France gets audio from jet's black box, hunts for 2nd one
French investigators cracked open a mangled black box and extracted audio from its cockpit voice recorder today, but gleaned no explanation for why a German plane dropped unexpectedly and smashed into a rugged Alpine mountain, killing all 150 on board
Seyne-les-Alpes (France): French investigators cracked open a mangled black box and extracted audio from its cockpit voice recorder today, but gleaned no explanation for why a German plane dropped unexpectedly and smashed into a rugged Alpine mountain, killing all 150 on board.
The orange cockpit voice recorder, dented, twisted and scarred by the impact, is considered the key to knowing why the pilots of Germanwings Flight 9525 lost radio contact with air traffic controllers over the French Alps then crashed yesterday during a routine flight from Barcelona to Duesseldorf.
French officials said terrorism appeared unlikely, and Germany's top security official said today there was no evidence of foul play.
Remi Jouty, director of the French aviation investigative agency, said an audio file was recovered this afternoon, including sounds and voices. But he said it was too early to draw any conclusions from the recorder, which takes audio feeds from four microphones in the cockpit and records all the conversations between the pilots, air traffic controllers as well as any noises.
Jouty said the plane was flying "until the end" and was at 6,000 feet (1,820 meters) when it smashed into the mountainside, well below its previous cruising altitude of 38,000 feet.
He said the final communication from the plane was a routine message about permission to continue on its route. He would not speculate on possible causes of the crash or rule anything out.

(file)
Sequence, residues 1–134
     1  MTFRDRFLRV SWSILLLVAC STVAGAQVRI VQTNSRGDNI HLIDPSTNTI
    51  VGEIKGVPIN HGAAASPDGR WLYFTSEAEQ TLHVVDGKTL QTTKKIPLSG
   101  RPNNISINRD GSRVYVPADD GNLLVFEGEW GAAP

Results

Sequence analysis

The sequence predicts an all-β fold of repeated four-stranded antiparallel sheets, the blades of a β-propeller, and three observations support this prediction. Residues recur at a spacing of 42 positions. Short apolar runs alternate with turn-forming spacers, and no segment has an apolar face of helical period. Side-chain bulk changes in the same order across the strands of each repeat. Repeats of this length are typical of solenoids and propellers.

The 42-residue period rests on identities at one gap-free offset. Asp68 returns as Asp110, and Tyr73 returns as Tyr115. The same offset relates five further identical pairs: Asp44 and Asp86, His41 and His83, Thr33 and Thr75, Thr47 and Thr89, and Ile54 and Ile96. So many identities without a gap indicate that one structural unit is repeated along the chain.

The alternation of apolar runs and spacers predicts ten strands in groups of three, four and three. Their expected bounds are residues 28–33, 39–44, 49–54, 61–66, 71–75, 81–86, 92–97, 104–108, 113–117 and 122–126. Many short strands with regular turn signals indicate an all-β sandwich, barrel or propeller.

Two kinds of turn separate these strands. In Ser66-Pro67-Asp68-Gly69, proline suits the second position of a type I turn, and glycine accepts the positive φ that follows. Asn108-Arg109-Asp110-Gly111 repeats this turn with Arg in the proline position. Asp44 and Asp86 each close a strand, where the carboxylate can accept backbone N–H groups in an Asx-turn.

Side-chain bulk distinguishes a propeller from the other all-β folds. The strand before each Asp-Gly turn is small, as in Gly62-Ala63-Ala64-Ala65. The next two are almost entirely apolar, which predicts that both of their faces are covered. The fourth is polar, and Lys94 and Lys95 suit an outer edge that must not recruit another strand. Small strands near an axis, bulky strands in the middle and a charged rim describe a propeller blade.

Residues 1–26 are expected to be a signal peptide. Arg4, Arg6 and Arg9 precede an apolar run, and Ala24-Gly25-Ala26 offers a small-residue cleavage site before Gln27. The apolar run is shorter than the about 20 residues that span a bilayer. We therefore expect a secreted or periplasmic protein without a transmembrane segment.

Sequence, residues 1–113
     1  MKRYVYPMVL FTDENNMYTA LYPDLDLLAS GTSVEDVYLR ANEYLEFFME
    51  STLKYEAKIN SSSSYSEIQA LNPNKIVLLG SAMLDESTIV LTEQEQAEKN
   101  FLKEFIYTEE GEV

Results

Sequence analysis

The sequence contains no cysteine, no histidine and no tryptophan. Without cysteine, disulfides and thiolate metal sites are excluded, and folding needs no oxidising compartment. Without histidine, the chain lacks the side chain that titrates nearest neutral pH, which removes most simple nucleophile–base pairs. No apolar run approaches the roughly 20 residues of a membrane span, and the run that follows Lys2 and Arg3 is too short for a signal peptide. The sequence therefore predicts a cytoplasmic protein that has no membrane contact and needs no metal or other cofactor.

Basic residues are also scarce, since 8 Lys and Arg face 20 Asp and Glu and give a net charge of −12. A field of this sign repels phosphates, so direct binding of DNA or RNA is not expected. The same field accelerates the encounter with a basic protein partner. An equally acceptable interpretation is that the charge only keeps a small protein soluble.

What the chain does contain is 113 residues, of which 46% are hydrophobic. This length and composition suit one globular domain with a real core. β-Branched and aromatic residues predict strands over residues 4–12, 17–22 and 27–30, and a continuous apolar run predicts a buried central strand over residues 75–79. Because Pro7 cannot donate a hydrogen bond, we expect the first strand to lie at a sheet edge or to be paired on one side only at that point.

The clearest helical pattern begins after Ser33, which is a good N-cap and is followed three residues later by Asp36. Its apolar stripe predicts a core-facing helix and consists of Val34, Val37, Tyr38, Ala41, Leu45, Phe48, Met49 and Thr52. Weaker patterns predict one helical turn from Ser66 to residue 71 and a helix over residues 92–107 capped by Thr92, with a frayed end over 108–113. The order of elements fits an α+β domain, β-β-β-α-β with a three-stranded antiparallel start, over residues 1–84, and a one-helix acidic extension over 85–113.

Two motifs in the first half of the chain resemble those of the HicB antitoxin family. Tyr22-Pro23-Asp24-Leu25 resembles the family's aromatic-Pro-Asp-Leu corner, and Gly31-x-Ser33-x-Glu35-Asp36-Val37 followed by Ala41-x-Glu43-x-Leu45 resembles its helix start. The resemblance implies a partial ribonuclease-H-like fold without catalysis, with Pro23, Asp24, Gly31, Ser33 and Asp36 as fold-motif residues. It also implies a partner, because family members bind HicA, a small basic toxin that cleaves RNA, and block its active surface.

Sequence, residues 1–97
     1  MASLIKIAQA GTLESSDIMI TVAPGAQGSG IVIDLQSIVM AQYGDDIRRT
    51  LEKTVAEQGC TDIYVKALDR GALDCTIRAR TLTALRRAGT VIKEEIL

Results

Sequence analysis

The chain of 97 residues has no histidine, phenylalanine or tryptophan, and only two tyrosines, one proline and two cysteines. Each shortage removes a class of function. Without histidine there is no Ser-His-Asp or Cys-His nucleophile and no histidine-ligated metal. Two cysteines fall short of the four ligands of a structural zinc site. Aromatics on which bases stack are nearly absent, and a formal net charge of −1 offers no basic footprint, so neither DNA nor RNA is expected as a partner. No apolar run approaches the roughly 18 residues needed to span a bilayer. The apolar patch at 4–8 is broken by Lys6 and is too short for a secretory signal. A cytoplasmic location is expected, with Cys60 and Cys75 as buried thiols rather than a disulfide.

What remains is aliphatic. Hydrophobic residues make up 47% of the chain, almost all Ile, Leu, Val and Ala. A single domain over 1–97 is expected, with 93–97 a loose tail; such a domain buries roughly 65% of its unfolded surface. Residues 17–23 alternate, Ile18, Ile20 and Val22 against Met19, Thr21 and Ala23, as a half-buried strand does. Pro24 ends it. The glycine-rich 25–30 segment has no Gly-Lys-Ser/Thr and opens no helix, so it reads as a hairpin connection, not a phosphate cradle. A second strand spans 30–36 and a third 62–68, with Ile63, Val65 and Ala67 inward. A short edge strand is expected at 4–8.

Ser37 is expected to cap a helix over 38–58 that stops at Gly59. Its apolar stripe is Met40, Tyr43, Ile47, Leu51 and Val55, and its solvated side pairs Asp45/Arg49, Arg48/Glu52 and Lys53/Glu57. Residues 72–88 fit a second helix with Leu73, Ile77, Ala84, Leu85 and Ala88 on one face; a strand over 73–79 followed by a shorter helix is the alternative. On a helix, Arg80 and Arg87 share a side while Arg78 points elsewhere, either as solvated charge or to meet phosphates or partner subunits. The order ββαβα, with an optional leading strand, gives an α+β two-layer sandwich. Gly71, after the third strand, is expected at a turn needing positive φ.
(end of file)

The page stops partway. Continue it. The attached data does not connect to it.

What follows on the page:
French President Francois Hollande, meanwhile, said the case for the plane's second black box had been found but not its contents. Jouty refused to confirm that about the flight data recorder, which captures 25 hours' worth of information on the position and condition of almost every major part in a plane.
"At this moment people are on the scene still searching," Hollande said, speaking alongside German Chancellor Angela Merkel and Spanish Prime Minister Mariano Rajoy in Seynes-les-Alpes, the town nearest to the crash site. Most of the plane's victims were German and Spanish.
"This is a true tragedy, and the visit here has shown us that," Merkel said. Hollande promised that French investigators would do everything to determine the crash's cause.
Helicopters surveying the plane's scattered debris lifted off at daybreak for a look at the craggy ravine while emergency crews hiked through snow and rain over the steep, rocky terrain to the high-altitude crash site. In all, more than 600 rescue workers and aviation investigators were in the area, French officials said.